Lentigo maligna: This is the intraepidermal precursor/ component of lentigo maligna melanoma. It typically occurs in chronically sun-exposed areas of elderly white patients and can be therefore considered as the melanocytic analog of actinic keratosis [4]. Microscopically, it s characterized by a lentiginous (that is: mainly a single cell) proliferation, mostly along the basal layer of the epidermis, with deep involvement of the adnexal structures; neoplastic melanocytes are mainly spindle and usually show an obvious nuclear pleomorphism. The proliferation of melanocytes in the depth of the adnexa may mimic invasion [5]. The dermis always shows severe solar elastosis (the histologic hallmark of severe and chronic sun damage); the epidermis is commonly atrophic. It has to be underlined that some exceptions to these rules do occur. It was emphasized that long-standing lesions of lentigo maligna may show a ‘nested’ architecture, [6] a nest being defined as an aggregate of at least three melanocytes. In our experience, the correlation between the age and the architecture of the neoplasm is not absolute; as a matter of fact, 43% of lentigo maligna cases have at least focal dysplastic nevuslike features, typified by nests arranged at the tips of elongated rete ridges [7]. Also based on Clinicopathological correlation, we have suggested that ‘junctional atypical nevi’ of the head-neck area in the elderly are indeed examples of ‘nested lentigo maligna’ and must be cautiously managed as such [8]. Once a dysplastic nevus has been excuded also on the basis of the Clinicopathological correlation, the main differential diagnosis of lentigo maligna is with subacute/ chronic melanocytic photo activation, in which melanocytes are commonly epithelioid and monotonously atypical and show no nesting and no pigmentation (the latter being present in a cap-like fashion in the supranuclear region of the nearby keratinocytes) [9]. In recent years, also based on a careful Clinicopathological approach, a very slow-growing melanoma of the trunk, lentiginous melanoma, has been identified as the counterpart of lentigo maligna on non-chronically sun-damaged skin [10]. The neoplasm is usually very large; with a relatively regular ret form (dysplastic nevus-like) epidermal hyperplasia and a striking predominance of tightly packed single melanocytes at the junction [10].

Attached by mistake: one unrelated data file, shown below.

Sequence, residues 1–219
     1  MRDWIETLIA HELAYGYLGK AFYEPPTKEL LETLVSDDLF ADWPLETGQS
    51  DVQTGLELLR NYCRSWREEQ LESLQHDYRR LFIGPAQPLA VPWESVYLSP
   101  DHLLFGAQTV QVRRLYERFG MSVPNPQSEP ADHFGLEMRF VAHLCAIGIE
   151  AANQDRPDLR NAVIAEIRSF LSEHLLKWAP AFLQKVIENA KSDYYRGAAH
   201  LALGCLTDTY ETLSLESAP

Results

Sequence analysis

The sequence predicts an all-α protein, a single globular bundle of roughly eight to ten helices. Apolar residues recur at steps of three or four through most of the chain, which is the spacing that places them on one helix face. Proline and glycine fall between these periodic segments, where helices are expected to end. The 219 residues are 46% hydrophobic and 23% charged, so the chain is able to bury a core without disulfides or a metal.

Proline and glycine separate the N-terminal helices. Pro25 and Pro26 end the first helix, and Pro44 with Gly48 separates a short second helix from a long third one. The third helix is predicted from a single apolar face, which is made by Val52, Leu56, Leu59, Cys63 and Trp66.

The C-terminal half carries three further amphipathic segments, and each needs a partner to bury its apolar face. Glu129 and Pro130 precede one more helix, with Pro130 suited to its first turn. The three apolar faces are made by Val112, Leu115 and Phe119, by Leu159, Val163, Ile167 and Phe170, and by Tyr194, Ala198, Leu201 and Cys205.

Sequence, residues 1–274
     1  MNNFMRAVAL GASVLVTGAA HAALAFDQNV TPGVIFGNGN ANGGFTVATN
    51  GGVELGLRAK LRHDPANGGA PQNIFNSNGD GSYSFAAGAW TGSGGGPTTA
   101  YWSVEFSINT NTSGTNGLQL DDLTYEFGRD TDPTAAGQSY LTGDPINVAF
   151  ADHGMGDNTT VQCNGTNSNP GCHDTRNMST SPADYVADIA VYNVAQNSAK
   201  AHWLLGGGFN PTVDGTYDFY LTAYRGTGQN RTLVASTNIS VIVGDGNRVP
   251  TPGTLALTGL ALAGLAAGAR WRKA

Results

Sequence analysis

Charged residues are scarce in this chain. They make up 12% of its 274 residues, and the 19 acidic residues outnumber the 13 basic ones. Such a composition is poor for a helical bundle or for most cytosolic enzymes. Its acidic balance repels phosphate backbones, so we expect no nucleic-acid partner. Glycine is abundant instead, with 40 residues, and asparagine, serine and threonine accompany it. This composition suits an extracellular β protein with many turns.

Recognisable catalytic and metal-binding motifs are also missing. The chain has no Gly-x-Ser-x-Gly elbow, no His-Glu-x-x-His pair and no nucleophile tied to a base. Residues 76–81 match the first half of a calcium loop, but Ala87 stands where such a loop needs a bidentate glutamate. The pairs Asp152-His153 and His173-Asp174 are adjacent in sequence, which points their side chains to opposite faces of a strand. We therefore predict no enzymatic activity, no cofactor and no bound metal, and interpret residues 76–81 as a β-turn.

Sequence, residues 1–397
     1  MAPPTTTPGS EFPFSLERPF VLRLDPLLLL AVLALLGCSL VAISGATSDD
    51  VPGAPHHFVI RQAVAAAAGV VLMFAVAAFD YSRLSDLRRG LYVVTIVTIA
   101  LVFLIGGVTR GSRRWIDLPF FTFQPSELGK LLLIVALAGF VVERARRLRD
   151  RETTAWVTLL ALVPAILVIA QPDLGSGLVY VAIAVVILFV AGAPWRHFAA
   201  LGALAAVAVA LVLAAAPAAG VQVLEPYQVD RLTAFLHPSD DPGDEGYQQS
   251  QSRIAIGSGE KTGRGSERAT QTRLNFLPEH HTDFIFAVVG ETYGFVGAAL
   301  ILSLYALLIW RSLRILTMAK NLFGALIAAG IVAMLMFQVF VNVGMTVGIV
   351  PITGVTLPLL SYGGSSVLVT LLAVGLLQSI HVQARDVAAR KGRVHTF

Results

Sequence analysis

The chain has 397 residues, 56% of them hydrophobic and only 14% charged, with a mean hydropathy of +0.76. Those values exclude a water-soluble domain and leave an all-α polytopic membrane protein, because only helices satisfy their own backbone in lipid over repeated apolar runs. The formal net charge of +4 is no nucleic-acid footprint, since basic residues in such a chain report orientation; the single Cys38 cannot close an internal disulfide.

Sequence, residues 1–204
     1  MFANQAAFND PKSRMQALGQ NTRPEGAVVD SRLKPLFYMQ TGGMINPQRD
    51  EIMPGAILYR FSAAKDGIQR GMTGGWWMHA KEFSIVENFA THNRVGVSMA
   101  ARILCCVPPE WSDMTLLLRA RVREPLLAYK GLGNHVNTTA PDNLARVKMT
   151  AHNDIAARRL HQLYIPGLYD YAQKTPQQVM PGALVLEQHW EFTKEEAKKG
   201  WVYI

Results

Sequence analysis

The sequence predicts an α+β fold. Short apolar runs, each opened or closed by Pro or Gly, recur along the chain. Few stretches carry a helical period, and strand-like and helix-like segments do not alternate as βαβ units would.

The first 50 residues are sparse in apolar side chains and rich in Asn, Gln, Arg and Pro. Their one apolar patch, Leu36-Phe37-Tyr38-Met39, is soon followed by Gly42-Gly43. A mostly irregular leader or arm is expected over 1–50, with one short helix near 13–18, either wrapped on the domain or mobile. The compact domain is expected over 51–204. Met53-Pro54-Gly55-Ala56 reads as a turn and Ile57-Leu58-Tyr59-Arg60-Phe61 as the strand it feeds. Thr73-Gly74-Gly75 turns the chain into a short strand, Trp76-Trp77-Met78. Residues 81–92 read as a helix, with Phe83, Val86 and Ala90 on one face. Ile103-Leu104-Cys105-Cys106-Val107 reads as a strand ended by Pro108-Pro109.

Superficial spreading melanoma: is the most common subtype of melanoma and can occur anywhere in the body: [4] this means that the anatomic site of the neoplasm does not automatically identify the subtype. The equivalent term ‘pagetoid melanoma’[3] elucidates the histopathologic hallmark of the intraepidermal component of the tumor, that is: the presence of melanocytes at all levels of the epidermis (pagetoid pattern); neoplastic cells are most often epithelioid (rather than spindle as in lentigo maligna and in acral lentiginous melanoma), and sometimes show a hypercromatic nucleus and an abundant pale cytoplasm with ‘dusty’ melanin (pagetoid cells): these features impart a ‘shotgun appearance’ to the epidermis. In some instances, however, the pagetoid configuration is made by relatively small cells and is at risk to being overlooked on histopathologic examination. It must be emphasized that pagetoid configuration is not invariably found in melanoma and is not pathognomonic of melanoma. A more or less prominent pagetoid scatter may be found in vulvar/genital nevi, acral nevi, recurrent/persistent nevi, Spitz/Reed nevi, in nevi of the childhood, and in several non-melanocytic tumors (Paget’s disease, pagetoid Bowen’s disease, tricholemmal carcinoma, epiderotropic T cell lymphoma, Merkel cell carcinoma, Langerhans cell histiocytosis). For a melanocytic tumor, in favor of a diagnosis of superficial spreading melanoma is the widespread pagetoid configuration, the pagetoid configuration at the edges of the tumor, and the cytologic atypia [11]. Epidermotropic metastasis of melanoma is also difficult to be differentiated from primary superficial spreading melanoma: [12] the anamnestic data and the Clinicopathological correlation are the mainstay for such a differential diagnosis.